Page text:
Although over the years, Cinnamon and other spices have become an integral part of European cuisine, unfortunately in the text the author has confined himself only to a mere 21 pages [pp. 147-168] for this fascinating subject. In the balance of the work, he largely focuses on other interesting facets of the manner in which the Dutch adapted their lifestyle to suit their own in a tropical country.

On the relationship between the Kings of Kandy and the Dutch, the author   has interesting observations   to make. He highlights another aspect that differentiates the two nations. In the perception of diplomatic  courtesies and etiquette, they were poles apart. This after all was an integral and essential element of statecraft in the 16-19th century when ambassadors were used to receiving or dealing with, Royalty, aristocracy and other high officials, especially in the Orient, where status and caste play a vital role.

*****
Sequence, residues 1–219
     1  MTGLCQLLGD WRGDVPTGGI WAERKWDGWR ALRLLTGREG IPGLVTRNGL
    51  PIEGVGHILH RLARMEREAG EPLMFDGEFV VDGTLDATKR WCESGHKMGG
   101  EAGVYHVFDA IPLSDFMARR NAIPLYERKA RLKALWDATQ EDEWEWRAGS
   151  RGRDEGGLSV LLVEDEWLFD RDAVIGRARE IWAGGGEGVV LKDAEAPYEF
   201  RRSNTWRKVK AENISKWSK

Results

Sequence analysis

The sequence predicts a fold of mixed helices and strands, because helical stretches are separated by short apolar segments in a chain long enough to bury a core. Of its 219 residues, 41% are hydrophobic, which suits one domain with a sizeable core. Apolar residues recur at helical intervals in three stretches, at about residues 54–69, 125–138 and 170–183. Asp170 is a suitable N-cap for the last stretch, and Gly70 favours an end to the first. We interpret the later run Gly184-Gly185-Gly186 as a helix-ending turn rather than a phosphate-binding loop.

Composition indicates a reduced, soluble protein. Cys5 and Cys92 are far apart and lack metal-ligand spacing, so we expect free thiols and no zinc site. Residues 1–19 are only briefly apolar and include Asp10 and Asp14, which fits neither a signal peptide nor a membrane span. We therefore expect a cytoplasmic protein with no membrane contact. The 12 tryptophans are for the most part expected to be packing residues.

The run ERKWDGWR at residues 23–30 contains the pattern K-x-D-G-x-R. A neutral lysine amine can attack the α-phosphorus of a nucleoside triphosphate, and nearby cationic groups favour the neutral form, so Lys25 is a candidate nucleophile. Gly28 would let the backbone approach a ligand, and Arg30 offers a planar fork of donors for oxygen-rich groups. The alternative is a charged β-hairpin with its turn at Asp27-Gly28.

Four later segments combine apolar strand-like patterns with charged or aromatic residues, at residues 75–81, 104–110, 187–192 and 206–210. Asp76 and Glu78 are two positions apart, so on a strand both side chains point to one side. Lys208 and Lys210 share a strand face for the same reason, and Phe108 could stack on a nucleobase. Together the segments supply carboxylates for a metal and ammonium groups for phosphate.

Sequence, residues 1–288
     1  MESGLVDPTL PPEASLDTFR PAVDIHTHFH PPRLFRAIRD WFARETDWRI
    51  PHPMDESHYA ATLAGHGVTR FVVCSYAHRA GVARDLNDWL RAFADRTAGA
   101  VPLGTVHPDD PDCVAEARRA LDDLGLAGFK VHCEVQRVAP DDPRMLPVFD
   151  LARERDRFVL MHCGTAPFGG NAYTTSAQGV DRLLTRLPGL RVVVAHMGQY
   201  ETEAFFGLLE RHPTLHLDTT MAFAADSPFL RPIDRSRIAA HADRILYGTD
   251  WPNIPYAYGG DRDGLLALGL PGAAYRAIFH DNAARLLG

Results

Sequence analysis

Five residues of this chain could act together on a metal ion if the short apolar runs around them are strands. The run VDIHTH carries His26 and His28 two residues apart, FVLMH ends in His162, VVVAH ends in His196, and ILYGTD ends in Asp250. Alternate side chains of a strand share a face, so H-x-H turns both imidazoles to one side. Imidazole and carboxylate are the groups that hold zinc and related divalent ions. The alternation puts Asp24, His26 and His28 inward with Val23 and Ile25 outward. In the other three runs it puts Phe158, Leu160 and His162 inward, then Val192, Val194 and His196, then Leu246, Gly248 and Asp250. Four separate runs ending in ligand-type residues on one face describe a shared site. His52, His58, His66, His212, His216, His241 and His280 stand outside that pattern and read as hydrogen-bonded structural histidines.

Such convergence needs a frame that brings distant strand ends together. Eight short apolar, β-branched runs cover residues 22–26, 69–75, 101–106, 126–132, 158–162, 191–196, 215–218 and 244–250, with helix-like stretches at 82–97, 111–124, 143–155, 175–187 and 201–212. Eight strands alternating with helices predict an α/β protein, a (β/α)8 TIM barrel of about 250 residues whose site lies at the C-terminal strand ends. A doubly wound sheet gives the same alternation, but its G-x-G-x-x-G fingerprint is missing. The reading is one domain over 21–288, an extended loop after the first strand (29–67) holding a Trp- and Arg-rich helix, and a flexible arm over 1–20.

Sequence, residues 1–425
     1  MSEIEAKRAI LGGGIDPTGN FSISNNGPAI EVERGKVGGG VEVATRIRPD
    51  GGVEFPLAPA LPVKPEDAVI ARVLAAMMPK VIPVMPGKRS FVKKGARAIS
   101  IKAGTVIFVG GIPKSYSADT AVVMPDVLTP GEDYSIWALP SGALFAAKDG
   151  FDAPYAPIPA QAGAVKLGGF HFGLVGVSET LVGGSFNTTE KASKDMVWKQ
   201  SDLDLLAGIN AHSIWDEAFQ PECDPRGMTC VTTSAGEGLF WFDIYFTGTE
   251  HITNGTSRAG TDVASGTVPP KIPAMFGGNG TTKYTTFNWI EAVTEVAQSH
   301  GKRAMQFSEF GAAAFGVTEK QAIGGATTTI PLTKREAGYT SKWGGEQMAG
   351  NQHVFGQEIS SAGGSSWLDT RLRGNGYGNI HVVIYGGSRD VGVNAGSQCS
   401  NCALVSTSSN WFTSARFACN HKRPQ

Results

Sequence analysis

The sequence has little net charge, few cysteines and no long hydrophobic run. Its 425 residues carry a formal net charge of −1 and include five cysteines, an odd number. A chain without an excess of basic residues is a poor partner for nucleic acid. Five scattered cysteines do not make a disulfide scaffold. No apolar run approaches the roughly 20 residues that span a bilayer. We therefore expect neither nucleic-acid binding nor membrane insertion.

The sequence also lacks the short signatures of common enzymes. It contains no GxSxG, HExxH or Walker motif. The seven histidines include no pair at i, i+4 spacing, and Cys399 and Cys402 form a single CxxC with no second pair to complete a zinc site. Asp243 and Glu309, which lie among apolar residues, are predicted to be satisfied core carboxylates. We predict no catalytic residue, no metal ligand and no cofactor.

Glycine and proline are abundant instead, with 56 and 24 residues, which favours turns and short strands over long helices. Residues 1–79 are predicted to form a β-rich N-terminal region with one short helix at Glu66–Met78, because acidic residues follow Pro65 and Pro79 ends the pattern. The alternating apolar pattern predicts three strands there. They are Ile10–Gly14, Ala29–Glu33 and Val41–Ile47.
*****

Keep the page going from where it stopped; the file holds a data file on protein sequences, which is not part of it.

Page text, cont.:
These rituals had to be strictly followed, after all this could make or break the cordial relationships between the two countries.

The Kandyan Royalty demanded that all officials, envoys of embassies were to kneel before the King in his chamber or during public audience.

Although this was the practice, which was strictly adhered to for a century after, at their first Dutch envoy’s visit to Kandy in 1656, the Dutch Governor found this an irksome practice and wished to do away with it and had a clause included to this effect in the latest treaty that was signed the year after the invasion of the Kandyan capital in 1765. Taking the upper hand, and flexing their muscle, the Dutch High Command, tired of being humiliated let it be known that whatever the consequences they would not kowtow before the King!